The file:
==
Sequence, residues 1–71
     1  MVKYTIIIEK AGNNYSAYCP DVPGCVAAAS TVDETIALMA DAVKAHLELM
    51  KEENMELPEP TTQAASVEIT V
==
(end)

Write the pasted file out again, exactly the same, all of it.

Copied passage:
Sequence, residues 1–71
     1  MVKYTIIIEK AGNNYSAYCP DVPGCVAAAS TVDETIALMA DAVKAHLELM
    51  KEENMELPEP TTQAASVEIT V